The Number 1 Challenge for Growing a Collaborative Practice

Last month, I conducted a survey on how to grow your Collaborative Practice. 100 people responded to the survey.

 The number one response to the question, “What is your greatest challenge for growing your Collaborative Practice?” was “Getting Clients.”

The top four challenges included:

1. Getting clients
2. Finding the time
3. Educating the public
4. Educating lawyers

Challenges about "getting clients" included:

  • Finding clients who want to engage in collaborative solutions to divorce
  • Finding clients with a mind set for collaborative divorce
  • Getting clients to choose collaborative divorce
  • Convincing clients the up- front costs are worth it.
  • Attracting clients who are willing and able to move forward with the collaborative process

How do you attract clients who want Collaborative Law to your practice?

It is far easier to build a collaborative practice by attracting clients who already have a world view consistent with the principles of Collaborative Practice than trying to “convince” someone who may not have an interest in a collaborative approach.

The first step to have a clear understanding of who your target client is and then develop a plan to consistently communicate a relevant and compelling message to your target audience.

The following are four strategies for attracting clients to your collaborative practice:

1. Define your target client. Clearly define the characteristics or your ideal client. What are their hopes, dreams, problems and fears? Think about your actual collaborative law clients. What were their goals? What was an important outcome for them in their divorce? Write down the characteristics of your ideal client.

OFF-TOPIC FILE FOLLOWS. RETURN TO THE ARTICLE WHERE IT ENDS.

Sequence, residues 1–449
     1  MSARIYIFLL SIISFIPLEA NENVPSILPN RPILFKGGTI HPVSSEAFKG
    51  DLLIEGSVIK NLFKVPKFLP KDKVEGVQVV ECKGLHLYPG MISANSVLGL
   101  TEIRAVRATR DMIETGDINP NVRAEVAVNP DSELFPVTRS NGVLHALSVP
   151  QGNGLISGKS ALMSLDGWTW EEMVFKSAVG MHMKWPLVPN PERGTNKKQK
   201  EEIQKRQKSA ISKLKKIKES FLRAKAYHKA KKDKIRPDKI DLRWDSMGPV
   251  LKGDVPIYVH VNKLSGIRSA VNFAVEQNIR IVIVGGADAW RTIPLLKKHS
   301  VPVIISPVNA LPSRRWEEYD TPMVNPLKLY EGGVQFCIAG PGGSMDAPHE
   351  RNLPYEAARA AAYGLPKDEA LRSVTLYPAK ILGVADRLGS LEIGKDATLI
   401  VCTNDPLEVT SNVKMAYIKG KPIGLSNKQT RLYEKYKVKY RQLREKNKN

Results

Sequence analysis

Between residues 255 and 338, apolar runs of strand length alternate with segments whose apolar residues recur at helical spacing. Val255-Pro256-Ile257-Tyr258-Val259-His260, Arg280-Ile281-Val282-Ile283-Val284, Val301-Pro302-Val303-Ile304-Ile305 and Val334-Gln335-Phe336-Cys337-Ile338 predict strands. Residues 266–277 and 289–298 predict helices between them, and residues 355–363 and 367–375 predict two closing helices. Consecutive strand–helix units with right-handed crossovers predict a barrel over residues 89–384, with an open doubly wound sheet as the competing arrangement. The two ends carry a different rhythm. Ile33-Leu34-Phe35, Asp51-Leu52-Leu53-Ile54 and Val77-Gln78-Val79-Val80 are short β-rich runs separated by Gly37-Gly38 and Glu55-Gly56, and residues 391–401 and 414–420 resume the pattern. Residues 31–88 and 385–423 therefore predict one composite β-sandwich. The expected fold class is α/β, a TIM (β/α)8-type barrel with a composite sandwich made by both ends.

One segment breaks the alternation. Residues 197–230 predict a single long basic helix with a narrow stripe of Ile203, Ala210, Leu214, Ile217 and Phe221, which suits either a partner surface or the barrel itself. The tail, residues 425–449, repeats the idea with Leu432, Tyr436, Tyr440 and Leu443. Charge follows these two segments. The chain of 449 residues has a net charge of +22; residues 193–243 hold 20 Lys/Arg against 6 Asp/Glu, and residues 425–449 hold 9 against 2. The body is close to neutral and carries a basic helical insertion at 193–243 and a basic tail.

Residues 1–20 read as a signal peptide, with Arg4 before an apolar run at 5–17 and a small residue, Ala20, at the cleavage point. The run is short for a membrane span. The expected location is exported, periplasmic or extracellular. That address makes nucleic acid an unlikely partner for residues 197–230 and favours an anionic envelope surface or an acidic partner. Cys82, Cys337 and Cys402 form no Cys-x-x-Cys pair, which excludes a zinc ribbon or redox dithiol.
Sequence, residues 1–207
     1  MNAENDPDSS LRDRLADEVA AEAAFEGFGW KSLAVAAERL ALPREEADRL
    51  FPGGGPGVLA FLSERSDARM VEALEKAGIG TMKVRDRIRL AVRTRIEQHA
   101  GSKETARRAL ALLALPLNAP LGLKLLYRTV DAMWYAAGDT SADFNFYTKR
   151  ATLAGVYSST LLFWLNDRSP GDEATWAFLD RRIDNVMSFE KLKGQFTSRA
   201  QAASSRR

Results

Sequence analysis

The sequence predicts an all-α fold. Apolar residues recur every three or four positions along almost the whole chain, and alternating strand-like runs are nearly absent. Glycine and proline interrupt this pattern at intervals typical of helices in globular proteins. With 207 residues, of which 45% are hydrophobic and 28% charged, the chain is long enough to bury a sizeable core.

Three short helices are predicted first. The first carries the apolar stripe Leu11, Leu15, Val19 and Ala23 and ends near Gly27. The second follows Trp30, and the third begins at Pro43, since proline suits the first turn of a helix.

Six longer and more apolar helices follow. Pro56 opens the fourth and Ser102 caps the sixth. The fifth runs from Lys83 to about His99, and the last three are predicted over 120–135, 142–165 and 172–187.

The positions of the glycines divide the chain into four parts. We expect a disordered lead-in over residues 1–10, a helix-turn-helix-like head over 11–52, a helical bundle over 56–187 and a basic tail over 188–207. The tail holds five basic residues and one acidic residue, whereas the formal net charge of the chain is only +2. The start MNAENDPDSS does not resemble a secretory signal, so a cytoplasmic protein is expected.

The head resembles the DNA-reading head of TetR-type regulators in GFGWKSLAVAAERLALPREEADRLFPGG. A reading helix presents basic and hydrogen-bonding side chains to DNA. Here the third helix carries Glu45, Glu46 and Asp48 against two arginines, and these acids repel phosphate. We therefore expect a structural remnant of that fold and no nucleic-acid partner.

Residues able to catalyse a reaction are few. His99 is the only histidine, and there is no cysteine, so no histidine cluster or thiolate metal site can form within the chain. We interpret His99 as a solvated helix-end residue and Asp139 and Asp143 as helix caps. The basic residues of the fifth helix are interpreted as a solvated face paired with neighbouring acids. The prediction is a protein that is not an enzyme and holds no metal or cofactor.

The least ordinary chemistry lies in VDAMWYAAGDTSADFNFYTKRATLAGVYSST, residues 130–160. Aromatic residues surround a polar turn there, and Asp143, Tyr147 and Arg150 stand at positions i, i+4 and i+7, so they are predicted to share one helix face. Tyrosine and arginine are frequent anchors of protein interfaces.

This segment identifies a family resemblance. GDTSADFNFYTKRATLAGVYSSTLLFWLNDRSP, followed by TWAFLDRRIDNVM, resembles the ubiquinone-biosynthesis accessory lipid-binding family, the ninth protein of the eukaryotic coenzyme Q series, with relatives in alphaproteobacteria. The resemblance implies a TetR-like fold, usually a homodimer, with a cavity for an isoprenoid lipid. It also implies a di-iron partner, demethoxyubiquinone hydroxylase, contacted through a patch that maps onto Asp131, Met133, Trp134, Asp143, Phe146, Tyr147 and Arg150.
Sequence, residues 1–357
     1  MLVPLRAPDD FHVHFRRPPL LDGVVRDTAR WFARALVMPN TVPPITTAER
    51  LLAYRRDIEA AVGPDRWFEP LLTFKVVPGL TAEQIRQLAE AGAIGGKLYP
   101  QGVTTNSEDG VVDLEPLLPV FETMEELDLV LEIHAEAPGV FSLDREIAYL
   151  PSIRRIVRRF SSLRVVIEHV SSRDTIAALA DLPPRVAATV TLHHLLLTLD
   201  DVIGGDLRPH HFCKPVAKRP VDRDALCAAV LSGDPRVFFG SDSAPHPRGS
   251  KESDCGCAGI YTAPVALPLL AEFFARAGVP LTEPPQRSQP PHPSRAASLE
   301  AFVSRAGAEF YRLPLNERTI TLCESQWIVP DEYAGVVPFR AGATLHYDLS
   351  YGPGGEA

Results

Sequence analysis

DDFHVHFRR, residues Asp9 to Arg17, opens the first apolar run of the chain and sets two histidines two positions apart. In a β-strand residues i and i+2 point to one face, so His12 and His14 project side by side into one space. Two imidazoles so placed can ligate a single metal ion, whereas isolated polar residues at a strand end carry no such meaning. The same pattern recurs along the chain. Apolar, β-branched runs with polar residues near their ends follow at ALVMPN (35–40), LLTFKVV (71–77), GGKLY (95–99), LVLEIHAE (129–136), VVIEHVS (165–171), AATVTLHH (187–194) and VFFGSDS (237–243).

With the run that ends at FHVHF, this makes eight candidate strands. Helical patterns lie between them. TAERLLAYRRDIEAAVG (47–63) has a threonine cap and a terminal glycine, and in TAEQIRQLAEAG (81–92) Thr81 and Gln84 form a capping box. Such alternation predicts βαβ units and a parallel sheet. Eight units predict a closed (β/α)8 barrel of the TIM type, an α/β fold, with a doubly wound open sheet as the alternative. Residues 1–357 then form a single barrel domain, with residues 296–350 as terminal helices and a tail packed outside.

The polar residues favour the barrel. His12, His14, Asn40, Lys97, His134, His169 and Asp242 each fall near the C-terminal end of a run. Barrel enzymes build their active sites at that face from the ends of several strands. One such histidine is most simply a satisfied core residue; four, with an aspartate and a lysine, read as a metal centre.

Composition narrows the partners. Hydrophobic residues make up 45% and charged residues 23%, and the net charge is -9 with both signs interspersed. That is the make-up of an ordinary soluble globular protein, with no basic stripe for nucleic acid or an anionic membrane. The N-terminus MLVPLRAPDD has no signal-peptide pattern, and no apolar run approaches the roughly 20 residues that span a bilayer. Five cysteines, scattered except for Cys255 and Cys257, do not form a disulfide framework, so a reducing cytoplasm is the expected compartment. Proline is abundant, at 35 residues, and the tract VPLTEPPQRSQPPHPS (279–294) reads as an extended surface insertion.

2. Demonstrate your knowledge on how to solve your target clients problem, Leverage social media, including blogs, LinkedIn, facebook, and twitter to write about the problems and solutions for your target market. For example, if your target client is someone who has been in a long term marriage and wants to protect important relationships, write about the challenges of divorcing after 25 years of marriage and how to address those challenges. 

3. Focus your web site content on the solutions for your target client. Does your web site immediately communicate who you help and how you solve problems for the clients you want to attract to your practice? Or does it convey an all things to all people message? The more focused your message, the more successful you will be in attracting desirable clients to your practice. If you want to attract clients who value a less destructive approach to divorce, communicate this in your web site content and headlines.

4. Educate your professional network on who is your "ideal client." Let your referral sources know the characteristics of your best clients. Inform your referral sources on the client problems you excel at in solving. For example, if you are a skilled negotiator and know how to help clients avoid destruction in divorce, tell your referral sources. Convey stories about the clients you helped and the outcome of those cases.

Once you clarify your target client and create a plan to effectively communicate the solutions you offer, you will begin to attract more clients who value what you do best.

What strategies are working for you to attract clients who value Collaborative Law?

View additional articles and information on building your Collaborative Practice.
 

Grow Your Collaborative Practice by Focusing on What You Want

 

 

You can build a practice that attracts desirable clients, allows you to do work that inspires you and brings fulfillment to your work. The first step is to identify what you want and then to listen to how your mindset may minimize your success. Many collaborative law practitioners want to increase their collaborative practice but limit their success before they even get started with a marketing plan. The story they tell themselves is , "I  cannot afford to only do collaborative cases" or "if I only do out of court work, I will be perceived as a "softer" lawyer and my referrals will stop."   By acknowledging  how you are creating your own fear, you will be able to overcome that fear and develop a marketing plan that is focused on what you "want".